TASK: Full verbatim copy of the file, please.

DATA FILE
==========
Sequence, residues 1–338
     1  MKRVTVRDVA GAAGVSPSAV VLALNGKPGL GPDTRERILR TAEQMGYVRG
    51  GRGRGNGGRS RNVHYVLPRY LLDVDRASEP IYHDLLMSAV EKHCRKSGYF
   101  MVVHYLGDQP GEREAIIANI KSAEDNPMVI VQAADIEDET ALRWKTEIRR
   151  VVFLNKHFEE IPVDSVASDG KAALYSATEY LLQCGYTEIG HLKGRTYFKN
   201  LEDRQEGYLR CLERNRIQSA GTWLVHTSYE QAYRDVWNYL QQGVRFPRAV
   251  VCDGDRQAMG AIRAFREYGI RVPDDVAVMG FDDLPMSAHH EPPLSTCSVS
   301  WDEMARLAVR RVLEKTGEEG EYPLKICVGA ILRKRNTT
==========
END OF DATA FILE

Sequence, residues 1–338
     1  MKRVTVRDVA GAAGVSPSAV VLALNGKPGL GPDTRERILR TAEQMGYVRG
    51  GRGRGNGGRS RNVHYVLPRY LLDVDRASEP IYHDLLMSAV EKHCRKSGYF
   101  MVVHYLGDQP GEREAIIANI KSAEDNPMVI VQAADIEDET ALRWKTEIRR
   151  VVFLNKHFEE IPVDSVASDG KAALYSATEY LLQCGYTEIG HLKGRTYFKN
   201  LEDRQEGYLR CLERNRIQSA GTWLVHTSYE QAYRDVWNYL QQGVRFPRAV
   251  VCDGDRQAMG AIRAFREYGI RVPDDVAVMG FDDLPMSAHH EPPLSTCSVS
   301  WDEMARLAVR RVLEKTGEEG EYPLKICVGA ILRKRNTT